Dec. 22, 2012 - The Fostex X-18 multitracker four track cassette recorder was the first tool I used in my early sound and music explorations. I had acquired it from William, a coworker at an audio visual company I was working at. He took an interest in a few experiments I had created using cassette field recorders I was borrowing from work on the weekends and soon afterwards, he offered me his old four track. Despite my education in audio engineering, this generous gift is what actually paved the way to my active involvement with sound art and experimental music.

I acquired my first computer a couple years later, which seemed to allow infinite possibilities. Within a year, I began performing in with acoustic musicians in electro-acoustic ensembles and various improvised music contexts, eventually leading to my own solo performances. Despite my progress, I began to experience significant criticism about my work in performance and in collaborative contexts with trained musicians from jazz, classical and academic music backgrounds. I began to realize that despite the advancement of my approach to sound, I hadn't found a way to communicate my intentions or process.

I began to confront these challenges in the Spring of 2003 with my first larger-scale solo project called Cimytofeo, a weekly series of sound and images, presented online for 13 weeks. My goal was to set relatively strict limitations on my process to encourage my own experimentation in an effort to isolate my artistic decision-making. The sound components were created outside of the computer, using the four track, instruments, field recordings and various objects I had around the house. The work was then presented as weekly episodes available online for one week only.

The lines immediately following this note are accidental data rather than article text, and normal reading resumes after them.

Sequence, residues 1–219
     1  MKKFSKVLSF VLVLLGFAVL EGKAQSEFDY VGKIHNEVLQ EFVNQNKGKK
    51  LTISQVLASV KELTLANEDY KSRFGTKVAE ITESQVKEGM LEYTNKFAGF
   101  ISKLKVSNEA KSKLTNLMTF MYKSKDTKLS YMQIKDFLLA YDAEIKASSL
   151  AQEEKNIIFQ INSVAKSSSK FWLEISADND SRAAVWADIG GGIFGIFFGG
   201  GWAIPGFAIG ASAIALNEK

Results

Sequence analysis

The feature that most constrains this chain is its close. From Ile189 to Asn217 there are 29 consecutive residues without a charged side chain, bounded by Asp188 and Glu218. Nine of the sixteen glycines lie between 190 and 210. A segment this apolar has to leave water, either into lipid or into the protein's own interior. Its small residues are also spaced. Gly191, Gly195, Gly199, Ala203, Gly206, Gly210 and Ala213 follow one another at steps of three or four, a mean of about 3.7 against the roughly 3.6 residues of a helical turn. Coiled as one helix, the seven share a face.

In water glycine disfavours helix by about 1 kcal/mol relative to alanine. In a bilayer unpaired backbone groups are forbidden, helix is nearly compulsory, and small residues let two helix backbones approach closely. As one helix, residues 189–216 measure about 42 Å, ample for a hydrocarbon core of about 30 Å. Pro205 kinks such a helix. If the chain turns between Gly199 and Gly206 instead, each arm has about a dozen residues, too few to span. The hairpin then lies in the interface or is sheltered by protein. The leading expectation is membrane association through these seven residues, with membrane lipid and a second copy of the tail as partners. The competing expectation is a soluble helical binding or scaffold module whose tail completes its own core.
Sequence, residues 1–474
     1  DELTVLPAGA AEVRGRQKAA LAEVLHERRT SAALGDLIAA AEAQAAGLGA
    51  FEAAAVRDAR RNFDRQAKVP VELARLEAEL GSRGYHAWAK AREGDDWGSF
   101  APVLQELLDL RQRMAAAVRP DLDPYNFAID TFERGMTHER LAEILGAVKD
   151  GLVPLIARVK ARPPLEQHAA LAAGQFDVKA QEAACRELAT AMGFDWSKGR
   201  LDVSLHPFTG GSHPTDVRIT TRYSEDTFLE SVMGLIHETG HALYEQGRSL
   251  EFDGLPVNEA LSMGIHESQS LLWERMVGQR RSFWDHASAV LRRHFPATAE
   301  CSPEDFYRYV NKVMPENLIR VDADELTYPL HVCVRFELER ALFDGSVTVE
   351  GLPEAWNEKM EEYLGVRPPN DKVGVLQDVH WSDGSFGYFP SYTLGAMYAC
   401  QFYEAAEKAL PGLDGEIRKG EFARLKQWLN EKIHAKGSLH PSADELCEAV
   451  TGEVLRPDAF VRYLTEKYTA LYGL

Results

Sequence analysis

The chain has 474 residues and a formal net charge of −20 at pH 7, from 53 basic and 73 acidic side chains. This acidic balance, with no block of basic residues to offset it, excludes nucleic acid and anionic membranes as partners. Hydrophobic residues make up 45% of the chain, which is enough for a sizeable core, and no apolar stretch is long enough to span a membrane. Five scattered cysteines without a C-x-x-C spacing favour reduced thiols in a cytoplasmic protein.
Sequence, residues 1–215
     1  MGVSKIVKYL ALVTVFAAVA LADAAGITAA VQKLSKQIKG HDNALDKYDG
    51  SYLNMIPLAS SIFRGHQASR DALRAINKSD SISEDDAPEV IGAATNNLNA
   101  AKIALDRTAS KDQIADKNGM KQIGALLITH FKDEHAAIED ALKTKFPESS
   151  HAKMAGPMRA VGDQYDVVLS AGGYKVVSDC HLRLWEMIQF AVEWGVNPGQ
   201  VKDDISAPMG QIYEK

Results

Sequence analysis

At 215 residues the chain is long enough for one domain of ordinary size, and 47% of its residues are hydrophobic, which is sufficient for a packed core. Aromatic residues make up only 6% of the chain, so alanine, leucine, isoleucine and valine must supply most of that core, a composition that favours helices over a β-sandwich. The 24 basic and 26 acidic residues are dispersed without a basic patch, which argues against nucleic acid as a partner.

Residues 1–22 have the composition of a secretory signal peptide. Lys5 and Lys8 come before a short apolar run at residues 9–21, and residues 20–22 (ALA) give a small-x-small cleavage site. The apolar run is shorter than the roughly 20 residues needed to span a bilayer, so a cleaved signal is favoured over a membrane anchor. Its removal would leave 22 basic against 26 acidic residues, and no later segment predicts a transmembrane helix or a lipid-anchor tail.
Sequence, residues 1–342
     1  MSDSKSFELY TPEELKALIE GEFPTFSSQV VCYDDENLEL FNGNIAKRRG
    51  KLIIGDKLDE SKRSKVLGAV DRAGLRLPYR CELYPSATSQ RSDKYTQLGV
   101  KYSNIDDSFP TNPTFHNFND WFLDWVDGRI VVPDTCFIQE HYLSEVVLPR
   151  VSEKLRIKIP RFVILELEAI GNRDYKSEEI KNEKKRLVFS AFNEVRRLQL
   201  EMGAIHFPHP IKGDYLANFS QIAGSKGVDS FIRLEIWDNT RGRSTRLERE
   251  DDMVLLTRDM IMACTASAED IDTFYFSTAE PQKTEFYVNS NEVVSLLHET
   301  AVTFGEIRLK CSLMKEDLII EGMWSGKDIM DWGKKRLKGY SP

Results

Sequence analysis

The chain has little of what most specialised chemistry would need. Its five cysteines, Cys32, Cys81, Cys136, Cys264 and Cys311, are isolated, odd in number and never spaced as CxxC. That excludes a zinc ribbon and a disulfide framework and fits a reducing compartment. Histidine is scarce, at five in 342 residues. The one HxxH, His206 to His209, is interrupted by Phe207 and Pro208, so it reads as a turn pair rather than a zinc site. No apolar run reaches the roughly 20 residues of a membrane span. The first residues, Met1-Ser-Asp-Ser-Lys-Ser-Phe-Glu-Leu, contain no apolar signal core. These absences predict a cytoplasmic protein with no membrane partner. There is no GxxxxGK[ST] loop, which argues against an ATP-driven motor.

It is worth mentioning that within weeks of initiating this project, I began to correspond with the artist Steve Roden. I had attended two of his lectures, and was completely inspired by both his process and ability to clearly communicate about his own work. This prompted me to reach out to him. This dialogue lead to extremely valuable suggestions, encouragement and inspiration. Looking back at this work, I realize that his generosity not only influenced this project, but led me to huge breakthroughs with regard to my own artistic development.


In a world increasingly inundated and bombarded with new tools and technological distractions, comes a series of music developed through experimentation with a consumer four track cassette recorder. Acquired from a fellow friend and coworker, Jason has used the Fostex X-18 multitracker four track cassette recorder as the means by which he began his musical explorations. Over the years, these roots have developed into an increasingly technological process of creation. Like many modern electronic musicians, the computer has become a central part of the creative process in live performance, composition, and the development of arranged sound works.

In an attempt to break away from the computer, while paying tribute to Jason's four track, he will create a series of crude audio works entitled Cimytofeo. These sketches served as rough drafts of raw, low-fidelity sound will be released as 2-3 minute mp3's on this website (listed above) starting May 11, 2003, posted every week, for nine weeks. They will be available on Sunday nights at 7pm and will live on this web page for seven days. All works will be recorded and created on a four track cassette tape recorder. No computer will be used in the creation of the works except for the final transfer to the computer (mp3 format).

Cimytofeo also consist of images, completely conceived by Jason E Anderson. The images will play with the notion of narrative, providing small scenes throughout the series to allow the participant of the work the opportunity to creatively interpret the relationship between sound and image. The scenes will be created without the use of a computer, except for the use of an image scanner or digital camera (to capture the image and transfer to appropriate image format).

Cimytofeo will contain a bit of mystery, suspense, and humor, while attempting to bring forth a very specific, dark sensibility only to be experienced and described through this creation.


Please note that these pages were coded in 2003, long before I was familiar with a standards-based approach to web design. I think it's impportant to preserve the original format, despite the potential issues with the coding, so please keep this in mind.